self-help books

I have read my fair share of self-help books. Two shelves, three shelves, maybe more. I don’t know because, in the end, I tend to throw them away. These days, I avoid that corner of the bookshop. Been there, done that, read that. But at Armani Libri in Milan, amidst the books on fashion, architecture, and design, this “The Monocle Compendium. Fifty ideas to improve your life.” lured me. Bought a copy for myself and one to give away.

This book is different. Self-help is not about getting out of that disastrous state. Or about how to cope with someone in such a state.  It’s about “ageing disgracefully”, “the scent of the season”, “how water shapes a city”, “wine for any occasion”, “why keep a diary”, … In other words, about the good life. This compendium is inspiring. It’s witty, diverse, and global. The perfect summer read to be accompanied by a Negroni, or Milano-Torino, near your local swimming pool, or ‘badi’ as Monocle founder, editorial director and chairman Tyler Brûlé describes it so beautifully in tip number 49.

In my online but private Day One diary I have a section “Beautiful Words” where I copy book fragments that I want to reread from time to time. Have pasted them for you here.

on photography

But today there might be darker pressures at work on our psyches than mere curiosity. Aside from photographing our food, drinks, holidays and partners, we’ve also turned the lens on ourselves. The selfie seems like a symptom of modern narcissism. Combine that with social media – somewhere to publish these images and judge those of others – and something more toxic is happening. Taking photos has become part of a craving for attention and validation from the outside world, often strangers behind other screens. In turn, the curiosity of what something will look like when snapped has started to feel like it’s being replaced by a requirement to photograph things to reaffirm our very existence.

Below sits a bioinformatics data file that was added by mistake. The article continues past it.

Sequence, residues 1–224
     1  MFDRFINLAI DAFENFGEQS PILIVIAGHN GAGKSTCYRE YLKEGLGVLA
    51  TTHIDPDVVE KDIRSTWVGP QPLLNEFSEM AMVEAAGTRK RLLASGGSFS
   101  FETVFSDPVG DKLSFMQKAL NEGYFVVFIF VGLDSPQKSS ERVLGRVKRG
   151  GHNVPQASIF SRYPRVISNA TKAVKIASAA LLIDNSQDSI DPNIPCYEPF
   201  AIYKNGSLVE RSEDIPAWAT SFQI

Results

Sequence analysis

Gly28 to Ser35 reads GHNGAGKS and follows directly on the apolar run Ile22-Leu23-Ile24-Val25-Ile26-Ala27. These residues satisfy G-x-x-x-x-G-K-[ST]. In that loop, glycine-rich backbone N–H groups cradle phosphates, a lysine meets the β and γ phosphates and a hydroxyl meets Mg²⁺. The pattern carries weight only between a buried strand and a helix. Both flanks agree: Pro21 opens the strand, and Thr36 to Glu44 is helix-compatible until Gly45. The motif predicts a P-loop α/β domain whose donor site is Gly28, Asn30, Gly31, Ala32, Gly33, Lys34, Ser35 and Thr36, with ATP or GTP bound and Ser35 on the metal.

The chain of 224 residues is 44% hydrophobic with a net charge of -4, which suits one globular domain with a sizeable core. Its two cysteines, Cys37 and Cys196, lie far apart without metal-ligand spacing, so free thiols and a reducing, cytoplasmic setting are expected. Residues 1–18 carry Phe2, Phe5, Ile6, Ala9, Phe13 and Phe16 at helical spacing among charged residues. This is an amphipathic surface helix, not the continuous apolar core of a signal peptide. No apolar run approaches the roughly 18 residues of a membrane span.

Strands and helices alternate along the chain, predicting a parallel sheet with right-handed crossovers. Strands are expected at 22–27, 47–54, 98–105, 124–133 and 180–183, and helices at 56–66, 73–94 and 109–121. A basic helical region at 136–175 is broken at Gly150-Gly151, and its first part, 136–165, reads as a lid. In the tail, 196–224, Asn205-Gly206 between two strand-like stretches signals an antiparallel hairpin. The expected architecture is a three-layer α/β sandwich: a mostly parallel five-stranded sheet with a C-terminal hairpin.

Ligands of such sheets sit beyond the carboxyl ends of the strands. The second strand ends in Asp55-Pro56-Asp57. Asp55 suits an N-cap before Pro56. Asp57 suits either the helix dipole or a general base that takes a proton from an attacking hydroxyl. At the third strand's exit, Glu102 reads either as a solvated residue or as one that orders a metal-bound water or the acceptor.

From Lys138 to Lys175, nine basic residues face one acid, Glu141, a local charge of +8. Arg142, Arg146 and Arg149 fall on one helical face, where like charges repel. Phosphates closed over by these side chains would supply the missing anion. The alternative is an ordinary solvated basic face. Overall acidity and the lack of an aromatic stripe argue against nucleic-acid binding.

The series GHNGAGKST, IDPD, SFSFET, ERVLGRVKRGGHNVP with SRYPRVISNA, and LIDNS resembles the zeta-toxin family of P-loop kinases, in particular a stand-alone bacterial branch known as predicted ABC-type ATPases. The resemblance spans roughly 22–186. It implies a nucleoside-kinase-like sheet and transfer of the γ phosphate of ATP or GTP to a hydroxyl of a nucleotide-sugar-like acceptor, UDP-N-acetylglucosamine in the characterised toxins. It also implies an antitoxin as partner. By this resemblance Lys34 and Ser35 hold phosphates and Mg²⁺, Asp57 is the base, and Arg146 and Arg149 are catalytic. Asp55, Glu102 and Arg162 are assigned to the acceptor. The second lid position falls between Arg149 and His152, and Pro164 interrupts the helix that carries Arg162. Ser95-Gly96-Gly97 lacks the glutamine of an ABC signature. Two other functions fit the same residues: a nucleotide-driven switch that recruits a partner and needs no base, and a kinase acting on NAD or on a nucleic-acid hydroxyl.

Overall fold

about love

We live in the age of excess. Excessive consumption, excitement and narcissism decline social media. When we fall in love it feels as though we lose our free will. But better that than being the charioteer who trots sensibly through life with his well-behaved horse, never experiencing love. For love needs the stubborn pony that “violently and in wild leaps” races towards the beloved.

on writing postcards versus instant messaging

Postcards are falling out of favour. Social media and digital messaging have taken their toll. How can the clunky, laborious process of selecting a postcard, writing it by hand, finding a stamp and somewhere to post it compete with the immediacy of a picture crossing continents from device to device in milliseconds? I’m not here to mourn the decline of postcard use. Mass media evolves over time and, as individuals, there’s not a great deal we can do about it. From our current perspective, it is easy to see postcards as a quaint, semi-redundant technology – spidery handwriting on one side and, on the other, their peculiar iconography of one-eared donkeys, thatched cottages, flamenco girls and sunsets, red-sweltered schoolboys on clifftops, cathedral car parks and caravan sites, all beneath impossible blue skies

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